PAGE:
Do You Know the Peek-a-Boo Principle?
Want to make a little toddler laugh? It only takes two hands and a face.
That’s all you need to play peek-a-boo.
- Smile at child
- Cover face with hands
- Uncover face and say the name of the game
- Mission accomplished.
Psychologists say a little child’s brain does not grasp the concept of “object permanence.” Object permanence is the understanding that objects (in the case of the peek-a-boo game – people’s faces) still exist even when you can’t see them.
In other words, when you cup your hands over your face, the mind of a toddler thinks your face (or at least your eyes) simply vanished. POOF!
No wonder they respond with such consternation when you disappear behind a baby blanket… and then with such animated astonishment when you suddenly rematerialize. As far as they’re concerned Scotty beamed you up. And then back again, right before their very eyes.
And even cooler? When they cup their hands over their own eyes, they believe they’ve made themselves invisible to you.
Wait for it…
PEEK A BOO!
How silly is that?
Well, I don’t know. Because I know teens, young adults and even adults my age who clearly understand the concept of object permanence, but struggle with a much deeper misunderstanding. And this misunderstanding is the reason they are so desperate for attention. And why their drive for attention winds up driving others away from them.
Can I ask you a question?
Whenever you lack the attention of the people you love the most (parents, friends, significant other) do you feel like you don’t exist?
Do you feel like you’re invisible?
If we are to truly thrive in life-giving long-term relationships, we must grasp the concept of relationship permanence, the idea that we are always in relationship with the people most important to us. Always. Even when we don’t have their attention.
Some of us may have felt invisible to our workaholic parents, because we never had their attention growing up. But as we grow older (and wiser) we begin to suspect that even in their absence they were (or at least believed they were) working for us. They thought about us, worried about us, maybe even prayed for us.
Others may have grown up with such dysfunctional parents (or no parents at all) that they truly were cheated out of attention they needed. Desperately. If there was anything my wife and I learned from our 5-years in the state foster care system, it’s that neglect leaves scars as terrible as abuse. Because neglect is abuse.
But the implication of relationship permanence is that I don’t have to demand attention all the time, because more attention doesn’t necessarily make a relationship better. Indeed, many seek out negative attention, just so they can feel like they’re actually in a relationship. They get the attention they want, but they make the relationship worse.
It’s hard to love someone you suspect only wants (and yea verily demands) your attention. Meanwhile, the attention-seeker keeps moving onto new relationships, seeking the attention they require, burning bridges with family, wearing out friends, and suffocating significant others.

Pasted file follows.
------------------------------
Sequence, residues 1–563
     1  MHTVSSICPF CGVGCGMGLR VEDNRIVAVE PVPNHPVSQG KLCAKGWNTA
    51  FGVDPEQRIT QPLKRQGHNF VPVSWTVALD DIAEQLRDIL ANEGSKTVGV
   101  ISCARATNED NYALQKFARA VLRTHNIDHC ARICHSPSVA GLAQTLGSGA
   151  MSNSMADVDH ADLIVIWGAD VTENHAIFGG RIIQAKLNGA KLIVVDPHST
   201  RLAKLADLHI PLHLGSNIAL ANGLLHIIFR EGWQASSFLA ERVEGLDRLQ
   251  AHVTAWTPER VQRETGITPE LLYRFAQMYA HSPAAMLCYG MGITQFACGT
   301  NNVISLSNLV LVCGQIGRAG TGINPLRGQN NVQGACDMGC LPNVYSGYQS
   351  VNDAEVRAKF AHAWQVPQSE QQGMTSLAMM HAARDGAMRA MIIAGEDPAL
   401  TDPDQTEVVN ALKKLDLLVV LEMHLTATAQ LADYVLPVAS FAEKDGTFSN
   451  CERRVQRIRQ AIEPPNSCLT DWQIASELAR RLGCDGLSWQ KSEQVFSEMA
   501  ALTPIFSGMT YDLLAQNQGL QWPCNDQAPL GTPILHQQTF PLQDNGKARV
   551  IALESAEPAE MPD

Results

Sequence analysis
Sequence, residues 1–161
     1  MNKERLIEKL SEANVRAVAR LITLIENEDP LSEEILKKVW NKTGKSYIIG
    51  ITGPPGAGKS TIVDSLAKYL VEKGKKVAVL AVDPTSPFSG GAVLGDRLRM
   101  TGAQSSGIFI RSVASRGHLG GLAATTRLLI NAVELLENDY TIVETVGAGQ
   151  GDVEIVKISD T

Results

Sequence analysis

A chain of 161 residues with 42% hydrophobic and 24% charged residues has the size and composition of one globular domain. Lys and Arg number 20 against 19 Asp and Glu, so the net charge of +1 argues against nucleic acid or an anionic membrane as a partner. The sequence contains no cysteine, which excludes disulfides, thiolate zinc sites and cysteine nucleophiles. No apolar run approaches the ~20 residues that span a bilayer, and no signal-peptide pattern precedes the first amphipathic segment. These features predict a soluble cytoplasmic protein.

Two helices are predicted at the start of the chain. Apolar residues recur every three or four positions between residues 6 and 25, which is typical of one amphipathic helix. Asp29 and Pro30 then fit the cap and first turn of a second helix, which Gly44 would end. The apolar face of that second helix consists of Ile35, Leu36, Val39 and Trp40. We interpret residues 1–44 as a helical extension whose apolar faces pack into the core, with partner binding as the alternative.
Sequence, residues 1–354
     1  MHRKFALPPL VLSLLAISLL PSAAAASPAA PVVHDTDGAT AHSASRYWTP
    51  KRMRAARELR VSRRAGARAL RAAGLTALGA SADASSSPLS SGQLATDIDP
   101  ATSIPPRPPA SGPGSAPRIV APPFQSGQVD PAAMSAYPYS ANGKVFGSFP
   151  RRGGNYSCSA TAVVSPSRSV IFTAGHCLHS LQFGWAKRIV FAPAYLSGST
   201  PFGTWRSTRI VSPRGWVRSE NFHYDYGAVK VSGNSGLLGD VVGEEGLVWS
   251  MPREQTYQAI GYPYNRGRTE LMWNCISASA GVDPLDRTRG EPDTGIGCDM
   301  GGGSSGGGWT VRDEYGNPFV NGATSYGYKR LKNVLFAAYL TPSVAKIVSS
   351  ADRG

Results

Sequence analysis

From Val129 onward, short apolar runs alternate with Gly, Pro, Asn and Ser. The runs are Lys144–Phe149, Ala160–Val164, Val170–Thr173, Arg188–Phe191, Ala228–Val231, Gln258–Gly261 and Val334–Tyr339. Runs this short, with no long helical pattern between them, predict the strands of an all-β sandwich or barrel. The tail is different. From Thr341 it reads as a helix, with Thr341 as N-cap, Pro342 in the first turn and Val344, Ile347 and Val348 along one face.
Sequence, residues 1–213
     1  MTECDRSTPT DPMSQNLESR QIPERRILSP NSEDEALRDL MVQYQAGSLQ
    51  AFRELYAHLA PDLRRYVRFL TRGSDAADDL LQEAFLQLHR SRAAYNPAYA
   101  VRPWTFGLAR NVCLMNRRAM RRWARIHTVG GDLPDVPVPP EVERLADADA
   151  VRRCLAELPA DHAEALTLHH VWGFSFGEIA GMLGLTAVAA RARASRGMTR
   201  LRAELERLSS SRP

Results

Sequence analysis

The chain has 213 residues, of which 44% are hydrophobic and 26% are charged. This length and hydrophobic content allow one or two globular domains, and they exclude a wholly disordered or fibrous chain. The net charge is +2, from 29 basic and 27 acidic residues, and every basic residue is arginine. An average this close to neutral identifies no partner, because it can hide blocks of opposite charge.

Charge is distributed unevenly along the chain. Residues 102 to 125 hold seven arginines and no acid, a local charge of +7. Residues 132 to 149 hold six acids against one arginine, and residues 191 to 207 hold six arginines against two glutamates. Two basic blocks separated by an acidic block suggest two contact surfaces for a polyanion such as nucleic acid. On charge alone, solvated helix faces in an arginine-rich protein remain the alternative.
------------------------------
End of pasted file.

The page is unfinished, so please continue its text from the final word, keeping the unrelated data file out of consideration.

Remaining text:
Sadly, it doesn’t really matter whether the drive for attention is born out of childhood neglect (like my youngest adopted child) or just good old fashioned self-centeredness (like my childhood self). After years of a negative attention cycle, the possibility for healthy intimacy decreases dramatically. The intimacy impostor of attention strikes again!
Maybe you can relate to this? Likely you know someone who could.
Well there’s great encouragement in God’s word for the individual wrestling with the intimacy impostor of attention, truth that could set one on the path to healthy intimate relationships!
We’ll share that next week. For now, grab the attention of a good friend or two and discuss these questions (but don’t hog all the attention, OK?):
- Do I measure the health of a relationship by how much attention I’m getting? Why or why not?
- Have I ruined a relationship by pursuing attention over intimacy? What should I do about that?
- Have I distanced myself from an attention-addicted friend, who really just needs some healthy intimacy? What should I do about that?
- Was I truly denied attention I needed growing up? How can I forgive those who failed to give me that attention?
[This is post is part of a series called Relation^ology(it begins with this post) where we identify the greatest relational need of our heart and then ID the counterfeits we seek out or settle for instead. Relation^ology started out as a discussion series and can be booked for your college, youth or young adults group (or singles group, life group, cell group, community group or whatever they’re calling Bible study these days).]
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The LoveEd study guide series, Beyond Sex & Salvation, will empower you to prepare for relational success when it counts: BEFORE YOU FALL IN LOVE! It’s NOT for couples, but for any wise individual who thinks they might want to get married sometime before they die. Check out the first two 8-lesson study guides in our store. You can walk through it on your own, but it’s more fun with friends, so consider putting together an FMU LoveEd small group study. Even better? And ask a married couple you respect to lead it!